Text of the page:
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Published: October 5, 2009

 
 

The Promise of “Self-segmentation”

Rather than putting consumers in arbitrary “buckets” for targeting, marketers should join them online in communities of passion and interest.

Before making large investments in advertising and other marketing, companies seek to identify and segment potential customers. Such knowledge is vital in evaluating market opportunities and differentiating messages, product offerings, media strategies, and even pricing. Today, a community-based approach to segmentation — which is both less expensive and more effective than the traditional methodologies based on customer relationship management (CRM) systems — is becoming possible as consumers flock to the Web.

Ever since the rise of the mainframe, companies have relied on CRM systems for segmentation. These systems slice and dice market and customer data, placing customers and prospects into different “buckets” based on demographic, behavioral, attitudinal, and other insights. Such segmentation enables companies to tailor product development and marketing.

CRM has had many stellar successes. Credit card leader Capital One, for example, can immediately access the profile of a customer who calls, cross-reference it with information derived from other customers, and then route the call to a company representative, complete with guidance on how to meet requests or stem defection. With such successes, it’s no wonder that current CRM spending totals US$14 billion annually, with projected growth to $22 billion by 2012, according to AMR Research.

But CRM-based segmentation comes at a cost. Data has to be collected, behavior analyzed, and segments identified before offerings can be created and messages communicated. Implementation can be complex, involving building multiple bridges to islands of information. Ongoing data collection, plus the resources required for sophisticated analysis, can put CRM out of the reach of small and midsized companies.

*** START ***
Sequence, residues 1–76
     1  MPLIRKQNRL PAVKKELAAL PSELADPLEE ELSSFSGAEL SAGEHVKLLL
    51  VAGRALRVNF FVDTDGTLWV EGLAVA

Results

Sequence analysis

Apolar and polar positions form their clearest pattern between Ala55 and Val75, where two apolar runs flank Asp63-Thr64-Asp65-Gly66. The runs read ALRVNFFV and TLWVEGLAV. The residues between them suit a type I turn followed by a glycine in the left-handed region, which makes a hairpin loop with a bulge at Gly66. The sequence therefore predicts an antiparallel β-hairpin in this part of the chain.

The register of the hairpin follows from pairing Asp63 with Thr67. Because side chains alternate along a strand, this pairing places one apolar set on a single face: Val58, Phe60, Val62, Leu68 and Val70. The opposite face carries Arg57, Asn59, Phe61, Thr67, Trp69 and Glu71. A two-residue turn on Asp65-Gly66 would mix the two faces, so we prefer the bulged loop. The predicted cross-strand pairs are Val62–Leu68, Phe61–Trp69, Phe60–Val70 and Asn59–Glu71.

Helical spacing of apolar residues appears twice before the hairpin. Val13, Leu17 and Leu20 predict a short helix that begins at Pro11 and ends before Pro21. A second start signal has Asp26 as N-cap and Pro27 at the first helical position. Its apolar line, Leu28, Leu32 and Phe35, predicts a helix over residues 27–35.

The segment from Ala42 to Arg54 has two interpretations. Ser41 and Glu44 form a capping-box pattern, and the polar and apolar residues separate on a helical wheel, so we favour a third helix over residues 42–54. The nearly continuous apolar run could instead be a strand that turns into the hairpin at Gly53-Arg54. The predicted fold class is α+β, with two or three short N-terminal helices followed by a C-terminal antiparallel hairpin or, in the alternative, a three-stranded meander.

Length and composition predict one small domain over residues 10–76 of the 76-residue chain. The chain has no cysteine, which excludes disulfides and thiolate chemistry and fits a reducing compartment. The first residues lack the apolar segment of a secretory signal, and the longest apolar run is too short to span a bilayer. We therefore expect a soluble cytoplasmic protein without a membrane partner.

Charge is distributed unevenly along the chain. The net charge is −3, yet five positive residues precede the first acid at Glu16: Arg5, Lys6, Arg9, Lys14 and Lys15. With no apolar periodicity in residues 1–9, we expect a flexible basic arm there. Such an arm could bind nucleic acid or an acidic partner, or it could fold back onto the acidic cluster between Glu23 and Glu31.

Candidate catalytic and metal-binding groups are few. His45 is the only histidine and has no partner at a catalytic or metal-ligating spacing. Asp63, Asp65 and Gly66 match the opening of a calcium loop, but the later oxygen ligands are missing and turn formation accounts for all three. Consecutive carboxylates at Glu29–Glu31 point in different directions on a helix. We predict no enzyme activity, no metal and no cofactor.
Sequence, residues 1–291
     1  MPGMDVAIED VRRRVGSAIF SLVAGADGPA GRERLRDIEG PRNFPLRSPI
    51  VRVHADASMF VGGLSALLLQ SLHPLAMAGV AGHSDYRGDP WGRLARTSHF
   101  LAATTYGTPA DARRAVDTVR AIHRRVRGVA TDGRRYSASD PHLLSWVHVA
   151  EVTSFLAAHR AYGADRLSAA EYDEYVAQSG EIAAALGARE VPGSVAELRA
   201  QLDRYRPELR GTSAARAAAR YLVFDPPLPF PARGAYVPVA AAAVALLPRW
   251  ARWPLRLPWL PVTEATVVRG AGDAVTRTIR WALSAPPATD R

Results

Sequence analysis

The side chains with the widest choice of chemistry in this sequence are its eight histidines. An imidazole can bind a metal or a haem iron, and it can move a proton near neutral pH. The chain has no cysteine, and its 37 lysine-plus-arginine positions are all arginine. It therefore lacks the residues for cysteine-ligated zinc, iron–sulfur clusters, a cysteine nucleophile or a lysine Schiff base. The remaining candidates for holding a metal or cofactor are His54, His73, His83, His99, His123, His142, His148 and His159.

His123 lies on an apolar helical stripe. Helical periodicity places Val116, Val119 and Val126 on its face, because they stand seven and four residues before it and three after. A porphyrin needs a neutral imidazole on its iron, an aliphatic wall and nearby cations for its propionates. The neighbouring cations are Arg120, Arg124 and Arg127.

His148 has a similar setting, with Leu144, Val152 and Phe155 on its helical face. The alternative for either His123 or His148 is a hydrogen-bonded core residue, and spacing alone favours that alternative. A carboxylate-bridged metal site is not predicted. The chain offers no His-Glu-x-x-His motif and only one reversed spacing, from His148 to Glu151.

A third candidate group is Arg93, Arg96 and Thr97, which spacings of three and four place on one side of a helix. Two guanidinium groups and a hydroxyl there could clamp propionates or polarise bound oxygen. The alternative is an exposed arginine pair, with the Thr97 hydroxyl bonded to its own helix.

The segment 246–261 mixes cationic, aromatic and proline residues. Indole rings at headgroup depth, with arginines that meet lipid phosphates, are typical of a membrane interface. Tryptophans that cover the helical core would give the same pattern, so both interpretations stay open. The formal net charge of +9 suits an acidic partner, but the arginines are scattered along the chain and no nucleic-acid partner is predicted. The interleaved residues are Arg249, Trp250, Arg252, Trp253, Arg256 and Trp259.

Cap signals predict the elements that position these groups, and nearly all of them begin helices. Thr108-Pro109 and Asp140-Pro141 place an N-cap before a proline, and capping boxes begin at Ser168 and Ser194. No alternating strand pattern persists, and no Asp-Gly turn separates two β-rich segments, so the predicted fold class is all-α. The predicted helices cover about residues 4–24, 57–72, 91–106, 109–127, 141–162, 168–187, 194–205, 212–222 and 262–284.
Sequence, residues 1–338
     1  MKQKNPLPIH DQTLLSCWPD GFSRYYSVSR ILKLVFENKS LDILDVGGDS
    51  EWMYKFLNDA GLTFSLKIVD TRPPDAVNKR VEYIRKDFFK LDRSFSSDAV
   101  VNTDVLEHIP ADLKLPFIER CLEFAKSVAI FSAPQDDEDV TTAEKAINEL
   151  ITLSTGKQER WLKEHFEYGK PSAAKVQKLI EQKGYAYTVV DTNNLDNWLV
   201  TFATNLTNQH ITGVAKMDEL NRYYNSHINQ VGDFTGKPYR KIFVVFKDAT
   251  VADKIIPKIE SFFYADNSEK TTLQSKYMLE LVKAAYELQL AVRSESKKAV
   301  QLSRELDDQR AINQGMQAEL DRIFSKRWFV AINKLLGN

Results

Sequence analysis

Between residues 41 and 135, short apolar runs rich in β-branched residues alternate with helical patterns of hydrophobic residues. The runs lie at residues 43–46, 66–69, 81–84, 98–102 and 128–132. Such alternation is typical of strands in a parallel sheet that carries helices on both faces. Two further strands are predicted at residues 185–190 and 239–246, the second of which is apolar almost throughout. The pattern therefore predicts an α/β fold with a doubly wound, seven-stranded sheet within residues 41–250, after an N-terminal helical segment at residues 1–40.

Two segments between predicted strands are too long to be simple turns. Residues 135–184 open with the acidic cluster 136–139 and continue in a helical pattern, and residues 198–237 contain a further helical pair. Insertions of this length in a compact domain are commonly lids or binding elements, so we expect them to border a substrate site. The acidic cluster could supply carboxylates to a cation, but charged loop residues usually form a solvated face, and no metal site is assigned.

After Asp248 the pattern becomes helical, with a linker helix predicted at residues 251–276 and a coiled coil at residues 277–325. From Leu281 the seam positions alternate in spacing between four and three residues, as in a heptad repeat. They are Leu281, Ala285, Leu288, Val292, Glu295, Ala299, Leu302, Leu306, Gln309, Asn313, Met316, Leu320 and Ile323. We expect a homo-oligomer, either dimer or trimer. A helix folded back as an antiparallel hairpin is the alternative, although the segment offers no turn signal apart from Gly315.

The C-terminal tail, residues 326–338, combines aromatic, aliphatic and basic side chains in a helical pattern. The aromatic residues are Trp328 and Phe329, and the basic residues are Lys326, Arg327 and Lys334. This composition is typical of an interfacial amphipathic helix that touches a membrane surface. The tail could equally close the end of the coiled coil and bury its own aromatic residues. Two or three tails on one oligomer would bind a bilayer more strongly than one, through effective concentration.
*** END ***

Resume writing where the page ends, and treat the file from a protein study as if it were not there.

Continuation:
As a result, the CRM report card is mixed. An AMR survey of 190 IT executives in 2007 found that 29 percent of CRM projects fail. Forrester Research reported that fewer than half of 94 businesses surveyed were fully satisfied with their CRM implementations. And gauging the return on investment from CRM is so difficult that only an estimated 20 to 30 percent of firms that use the technology have even tried.

A better alternative is now available: The rise in social networks and online communities, combined with the new era of the Web-empowered consumer, makes it possible for companies to reap the benefits of segmentation without many of its costs or complications.

Online, consumers are increasingly segmenting themselves into communities, based on common characteristics, passions, interests, or needs. Such “self-segmentation” is likely to be much more accurate and reflective of consumers’ attributes than CRM data, since no one knows consumers — with their Rubik’s Cube complexity of demographic, psychological, and other variables — better than they know themselves. Rather than confronting the difficulty of placing consumers into such ill-defined buckets as “traditionalists” or “achievers,” companies can bind themselves to consumer communities of interest — or “tribes,” as marketing guru Seth Godin calls them. Unlike arbitrary CRM buckets, such self-selected communities not only reflect consumers’ true interests but, more important, also involve their connection to others with the same passions. This opens the door to fostering brand ambassadors, enabling customer collaboration, and facilitating word-of-mouth cross-fertilization.

How to Leverage Self-segmentation
Consumers have long interlinked themselves within communities, groups, clubs, leagues, and associations. Such communities represent a valuable launchpad for word-of-mouth efforts, since trust and credibility are among the ties that bind. But until the Internet reached a global tipping point, it was impossible to cost-effectively identify, reach, or scale such communities. Now even a simple search can identify groups united by interest in topics as obscure as competitive pumpkin tossing.

That identification presents numerous opportunities. First, relevant communities represent self-selected groups who share one or more interests, substantially reducing the costs, time, and toil required to identify — and segment — qualified prospects out of large markets. Additionally, participation in passion- or interest-based communities provides a better guide to potential purchasing behavior than such attributes as place of residence or political leanings.

 
 
 
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